You will have much more control over the content and frequency/eventuality of your messages. This goes hand in hand also with the two previous points of optimization – Send fewer and smaller messages.


Custom Network Library

While many optimizations can be done with a built-in network communications library, having a custom networking library will allow you, by far, the greatest amount of room to make improved optimizations in many ways.

You will be able to control how you encapsulate and deliver your messages. This will allow you to take full advantage of the previously mentioned optimizations and will allow these to have great synergy.  Moreover, it will help you deeply understand how the whole communication process works inside-out, and if done well, it will never make you want to look back.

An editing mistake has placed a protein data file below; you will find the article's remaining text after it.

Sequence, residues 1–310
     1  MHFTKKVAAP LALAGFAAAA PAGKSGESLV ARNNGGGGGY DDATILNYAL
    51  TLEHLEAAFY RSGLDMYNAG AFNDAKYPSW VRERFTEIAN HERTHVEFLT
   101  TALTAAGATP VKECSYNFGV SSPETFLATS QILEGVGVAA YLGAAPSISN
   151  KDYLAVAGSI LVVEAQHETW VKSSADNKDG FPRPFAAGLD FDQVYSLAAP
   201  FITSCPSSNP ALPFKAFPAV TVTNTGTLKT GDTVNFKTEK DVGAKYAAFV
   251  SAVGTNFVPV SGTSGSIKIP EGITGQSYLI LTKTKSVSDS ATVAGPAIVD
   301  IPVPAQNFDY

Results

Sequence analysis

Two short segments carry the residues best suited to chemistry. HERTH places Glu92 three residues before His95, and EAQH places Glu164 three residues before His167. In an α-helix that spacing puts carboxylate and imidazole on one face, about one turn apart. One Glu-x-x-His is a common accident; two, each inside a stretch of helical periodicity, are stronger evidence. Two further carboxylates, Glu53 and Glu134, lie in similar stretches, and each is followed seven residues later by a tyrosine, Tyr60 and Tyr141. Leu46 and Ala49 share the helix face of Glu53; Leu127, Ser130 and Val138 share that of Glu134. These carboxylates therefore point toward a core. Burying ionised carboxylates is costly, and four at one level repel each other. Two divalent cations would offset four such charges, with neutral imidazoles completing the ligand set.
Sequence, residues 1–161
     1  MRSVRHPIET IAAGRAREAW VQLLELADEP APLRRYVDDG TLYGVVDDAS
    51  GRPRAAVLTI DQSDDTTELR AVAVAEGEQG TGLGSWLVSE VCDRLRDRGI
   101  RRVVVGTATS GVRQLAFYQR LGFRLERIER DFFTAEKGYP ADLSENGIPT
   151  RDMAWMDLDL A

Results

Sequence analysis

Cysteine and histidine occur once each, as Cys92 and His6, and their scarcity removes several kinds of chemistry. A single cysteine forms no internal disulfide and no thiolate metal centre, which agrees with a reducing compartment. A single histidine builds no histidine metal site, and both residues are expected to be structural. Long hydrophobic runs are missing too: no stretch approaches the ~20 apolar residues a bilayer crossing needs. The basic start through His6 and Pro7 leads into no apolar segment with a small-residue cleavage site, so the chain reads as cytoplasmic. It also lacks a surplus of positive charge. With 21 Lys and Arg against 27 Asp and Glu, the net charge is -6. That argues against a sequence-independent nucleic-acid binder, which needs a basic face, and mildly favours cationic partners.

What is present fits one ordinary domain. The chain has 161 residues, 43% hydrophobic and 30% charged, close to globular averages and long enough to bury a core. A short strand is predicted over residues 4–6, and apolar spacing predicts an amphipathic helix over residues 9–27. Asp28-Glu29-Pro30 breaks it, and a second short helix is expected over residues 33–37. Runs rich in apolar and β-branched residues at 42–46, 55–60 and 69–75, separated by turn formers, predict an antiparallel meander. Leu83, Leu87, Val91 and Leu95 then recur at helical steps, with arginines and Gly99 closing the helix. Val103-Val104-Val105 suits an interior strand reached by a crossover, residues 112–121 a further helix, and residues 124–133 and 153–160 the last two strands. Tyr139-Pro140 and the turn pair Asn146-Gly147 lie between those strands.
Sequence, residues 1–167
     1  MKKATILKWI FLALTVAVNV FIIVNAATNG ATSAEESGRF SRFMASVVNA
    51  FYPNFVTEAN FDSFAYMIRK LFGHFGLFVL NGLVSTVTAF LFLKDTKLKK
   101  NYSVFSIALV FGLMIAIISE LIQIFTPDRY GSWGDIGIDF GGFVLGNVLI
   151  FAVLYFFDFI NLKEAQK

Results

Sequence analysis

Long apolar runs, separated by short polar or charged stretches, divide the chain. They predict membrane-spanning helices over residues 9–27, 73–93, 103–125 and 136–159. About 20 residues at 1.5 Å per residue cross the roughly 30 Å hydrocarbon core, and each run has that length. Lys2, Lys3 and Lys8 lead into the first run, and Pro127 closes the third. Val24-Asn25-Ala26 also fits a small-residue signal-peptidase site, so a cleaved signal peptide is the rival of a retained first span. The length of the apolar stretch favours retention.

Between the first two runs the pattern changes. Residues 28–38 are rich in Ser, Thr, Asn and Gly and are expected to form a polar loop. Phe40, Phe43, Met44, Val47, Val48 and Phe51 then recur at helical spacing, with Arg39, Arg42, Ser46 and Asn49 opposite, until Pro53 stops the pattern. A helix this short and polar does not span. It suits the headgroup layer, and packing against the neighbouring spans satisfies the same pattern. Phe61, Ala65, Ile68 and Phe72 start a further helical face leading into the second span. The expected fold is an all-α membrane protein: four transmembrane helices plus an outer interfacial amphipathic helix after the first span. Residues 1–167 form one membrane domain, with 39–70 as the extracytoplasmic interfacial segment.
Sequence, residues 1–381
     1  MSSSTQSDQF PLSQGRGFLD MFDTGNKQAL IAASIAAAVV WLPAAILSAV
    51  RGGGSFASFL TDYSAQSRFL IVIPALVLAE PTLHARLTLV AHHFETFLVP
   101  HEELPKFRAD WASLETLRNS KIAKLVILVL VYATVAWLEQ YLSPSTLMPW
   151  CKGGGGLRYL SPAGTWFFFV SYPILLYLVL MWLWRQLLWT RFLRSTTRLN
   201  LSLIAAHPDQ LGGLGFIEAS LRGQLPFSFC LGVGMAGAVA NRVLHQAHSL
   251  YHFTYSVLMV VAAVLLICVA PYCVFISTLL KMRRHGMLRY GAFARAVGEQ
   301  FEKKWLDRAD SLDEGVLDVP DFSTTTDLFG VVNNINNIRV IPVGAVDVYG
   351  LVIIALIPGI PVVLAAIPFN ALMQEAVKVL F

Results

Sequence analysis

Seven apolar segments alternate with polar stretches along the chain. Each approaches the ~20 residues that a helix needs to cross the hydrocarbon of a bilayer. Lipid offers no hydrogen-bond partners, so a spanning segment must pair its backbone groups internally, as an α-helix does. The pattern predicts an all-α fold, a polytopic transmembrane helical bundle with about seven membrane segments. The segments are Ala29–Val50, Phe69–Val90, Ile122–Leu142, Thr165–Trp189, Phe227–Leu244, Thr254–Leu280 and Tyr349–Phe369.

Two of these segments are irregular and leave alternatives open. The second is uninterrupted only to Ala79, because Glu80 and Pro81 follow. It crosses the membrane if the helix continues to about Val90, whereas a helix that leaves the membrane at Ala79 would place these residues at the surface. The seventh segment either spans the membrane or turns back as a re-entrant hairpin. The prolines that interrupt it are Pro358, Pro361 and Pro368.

I will not go into detail on how to code your own sockets communication library, there are several tutorials, videos, and resources out there that explain it very well. I will however encourage you to at least code your own, even if you’re never going to use it in your game. It will open your eyes and allow you to see things in a different light when developing multiplayer games.


General Optimizations

I had to include this whole section just to mention some of the more obvious ways to optimize code in general, and things that apply to general coding and not only to Multiplayer Networked Games. i.e. Object Pooling and Design Patterns (as long as you don’t abuse them). All those things that help make your code more efficient will also help make a better networked game.